Managed by Abbeyfield Wales Society, Eleanor Hodson House is located in the suburban town of Caerleon. A town of archaeological importance, Caerleon is the site of a notable Roman legionary fortress, Isca Augusta, and an Iron Age hillfort.
Since Sir Mortimer Wheeler excavated the amphitheatre in the 1920s, archaeological investigations have been carried out regularly, usually in advance of new buildings. Each excavation adds another piece to the jigsaw puzzle, and the picture of Roman Caerleon becomes clearer. Eleanor Hodson House is one of the more recent pieces to be added to the puzzle.
The roman fortress at Caerleon was founded in c AD 75. For over 200 years it was the base of LEGIO II AUGUSTA, the Second Augustan Legion, one of thee legions heading the garrison of Britannia. The legion was supposed to consist of 5 – 6k men, but detachments, or even the whole legion would often be sent away from the base for other duties, such as building Hadrian’s Wall. A town grew up outside the fortress to cater for the soldiers’ needs.
Although Lodge Hill was outside the fortress town, it was not empty countryside. In 1848/9, the remains of two mosaic pavements were discovered, from Roman buildings on the lower slopes of the hill. Further mosaics, together with carved stones and pottery jars, have come to light from time to time since then. Archaeologists believe that the main road to West Wales left the northwest gate of the fortress and crossed the Pillmawr before carrying on towards Cardiff, but it has never been located.
When it was decided to build the Abbeyfield Extra Care House, Gent Health Authority (the original owners of the land) commissioned a study to see whether the building work would disturb any Roman remains. Some traces of Roman occupation were found, but nothing significant.
A Pleasant Surprise
It was only when British Gas workmen came to re-route a gas main which ran through the site of the new building, they found pits containing Roman pottery, and cobbles which looked like the missing Roman road. As a result, the Glamorgan Gwent Archaeological Trust, with the National Museum of Wales, carried out a five-week excavation in advance of construction, funded by the Abbeyfield Extra Care Society. Archaeologists also watched while the contractors were digging the foundations and the drains and landscaping the area around the new building in case any further remains turned up.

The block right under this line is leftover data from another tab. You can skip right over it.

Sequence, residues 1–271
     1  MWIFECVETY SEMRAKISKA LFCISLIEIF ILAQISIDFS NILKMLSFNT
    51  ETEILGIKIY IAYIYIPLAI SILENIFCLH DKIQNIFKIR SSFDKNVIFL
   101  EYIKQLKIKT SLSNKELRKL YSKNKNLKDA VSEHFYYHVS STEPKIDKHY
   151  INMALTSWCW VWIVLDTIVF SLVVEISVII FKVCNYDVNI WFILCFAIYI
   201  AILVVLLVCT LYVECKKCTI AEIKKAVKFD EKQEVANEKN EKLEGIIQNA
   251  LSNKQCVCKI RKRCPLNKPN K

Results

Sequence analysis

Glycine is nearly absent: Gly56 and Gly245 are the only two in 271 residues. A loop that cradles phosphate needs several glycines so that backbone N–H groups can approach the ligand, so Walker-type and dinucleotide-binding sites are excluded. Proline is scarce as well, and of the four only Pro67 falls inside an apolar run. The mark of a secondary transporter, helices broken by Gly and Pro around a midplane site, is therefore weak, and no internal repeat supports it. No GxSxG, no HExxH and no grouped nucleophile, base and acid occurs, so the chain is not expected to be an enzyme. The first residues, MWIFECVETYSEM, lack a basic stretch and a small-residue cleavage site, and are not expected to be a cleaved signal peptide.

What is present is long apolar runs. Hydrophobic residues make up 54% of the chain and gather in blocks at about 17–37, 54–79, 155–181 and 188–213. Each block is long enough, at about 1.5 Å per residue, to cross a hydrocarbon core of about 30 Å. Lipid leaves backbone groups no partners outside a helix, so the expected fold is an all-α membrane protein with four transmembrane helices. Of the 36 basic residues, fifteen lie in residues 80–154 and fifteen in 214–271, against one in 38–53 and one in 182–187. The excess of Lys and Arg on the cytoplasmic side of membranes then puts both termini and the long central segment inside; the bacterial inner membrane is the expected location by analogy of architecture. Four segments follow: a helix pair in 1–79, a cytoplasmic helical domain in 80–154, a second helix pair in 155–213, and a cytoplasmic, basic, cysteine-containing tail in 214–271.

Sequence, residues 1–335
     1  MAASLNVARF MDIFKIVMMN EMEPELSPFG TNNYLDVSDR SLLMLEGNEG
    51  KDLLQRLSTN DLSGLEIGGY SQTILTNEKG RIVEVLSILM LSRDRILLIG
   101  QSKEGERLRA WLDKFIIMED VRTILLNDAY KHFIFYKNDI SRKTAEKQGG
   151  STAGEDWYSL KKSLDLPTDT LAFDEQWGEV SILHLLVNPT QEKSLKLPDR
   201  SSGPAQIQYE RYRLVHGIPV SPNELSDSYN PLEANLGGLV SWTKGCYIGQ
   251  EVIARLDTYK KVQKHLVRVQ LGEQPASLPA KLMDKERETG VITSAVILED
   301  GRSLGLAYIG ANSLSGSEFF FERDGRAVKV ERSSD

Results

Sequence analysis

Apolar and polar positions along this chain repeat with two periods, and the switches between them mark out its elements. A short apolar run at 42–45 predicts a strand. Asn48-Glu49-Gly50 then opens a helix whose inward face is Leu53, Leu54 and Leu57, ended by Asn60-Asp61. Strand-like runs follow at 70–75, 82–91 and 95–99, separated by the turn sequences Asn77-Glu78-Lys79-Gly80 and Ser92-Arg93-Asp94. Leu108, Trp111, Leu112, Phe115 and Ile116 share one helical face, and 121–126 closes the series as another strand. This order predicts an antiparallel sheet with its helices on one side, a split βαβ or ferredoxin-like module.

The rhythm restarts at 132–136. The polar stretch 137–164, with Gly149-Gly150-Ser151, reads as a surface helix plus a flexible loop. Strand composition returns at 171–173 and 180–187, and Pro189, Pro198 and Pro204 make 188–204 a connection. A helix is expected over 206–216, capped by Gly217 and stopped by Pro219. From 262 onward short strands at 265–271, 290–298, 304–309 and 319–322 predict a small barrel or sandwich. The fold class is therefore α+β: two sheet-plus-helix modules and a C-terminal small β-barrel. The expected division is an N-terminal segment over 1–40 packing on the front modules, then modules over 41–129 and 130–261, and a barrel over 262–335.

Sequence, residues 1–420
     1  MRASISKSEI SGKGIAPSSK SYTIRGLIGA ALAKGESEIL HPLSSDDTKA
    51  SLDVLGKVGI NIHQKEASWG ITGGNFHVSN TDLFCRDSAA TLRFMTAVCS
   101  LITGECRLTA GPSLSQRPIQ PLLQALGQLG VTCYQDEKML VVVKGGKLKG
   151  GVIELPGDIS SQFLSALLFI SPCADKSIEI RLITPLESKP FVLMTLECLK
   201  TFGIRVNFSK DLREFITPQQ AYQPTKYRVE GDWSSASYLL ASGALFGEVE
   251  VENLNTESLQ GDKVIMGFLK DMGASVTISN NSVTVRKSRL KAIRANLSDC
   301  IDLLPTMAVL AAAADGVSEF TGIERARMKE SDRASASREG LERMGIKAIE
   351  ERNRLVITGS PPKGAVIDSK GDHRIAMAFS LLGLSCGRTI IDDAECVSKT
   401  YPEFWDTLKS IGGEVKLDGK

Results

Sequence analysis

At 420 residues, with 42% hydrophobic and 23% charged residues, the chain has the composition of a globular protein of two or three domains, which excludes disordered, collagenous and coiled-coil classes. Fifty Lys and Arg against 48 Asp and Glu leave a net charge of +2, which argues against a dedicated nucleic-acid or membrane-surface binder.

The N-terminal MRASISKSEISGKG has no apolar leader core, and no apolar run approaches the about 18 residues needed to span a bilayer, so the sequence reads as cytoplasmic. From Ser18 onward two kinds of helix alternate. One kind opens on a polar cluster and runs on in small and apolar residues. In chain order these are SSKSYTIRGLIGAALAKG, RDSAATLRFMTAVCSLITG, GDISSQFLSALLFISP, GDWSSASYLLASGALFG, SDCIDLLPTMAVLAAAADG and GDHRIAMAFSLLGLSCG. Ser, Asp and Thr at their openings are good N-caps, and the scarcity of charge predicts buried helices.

The aim of the excavation was to find out more about the presumed road and any other Roman remains in the area of the new building. It is not certain that the cobbles surface found in the gas trench was the road they were hoping to find, since it was very thin and showed no signs of wear, and there were several other cobbles surfaces in the excavated area. One of these was a path leading diagonally across the hillside in a shallow cutting, past the corner of a small square building. This part of the site appears to have been deliberately landscaped by the Romans.
Also discovered were a well, a ditch and a pit. Only the top of the well was excavated, but it seems to have tapped into one of the many springs on the hillside. Like the ditch and pit, it contained pieces of pottery which show that the site was used from the end of the 1st century, and that the building was probably put up early in the 2nd century. Some of the pottery filling the well and the ditch, however, was not thrown away until c AD 150.
Today Eleanor Hodson house is home to residents of Wales who enjoy knowing they're living amongst some of the oldest Roman history of the country. A special feature has been made within the house to educate those visiting on the history of the house and is always something of a talking point.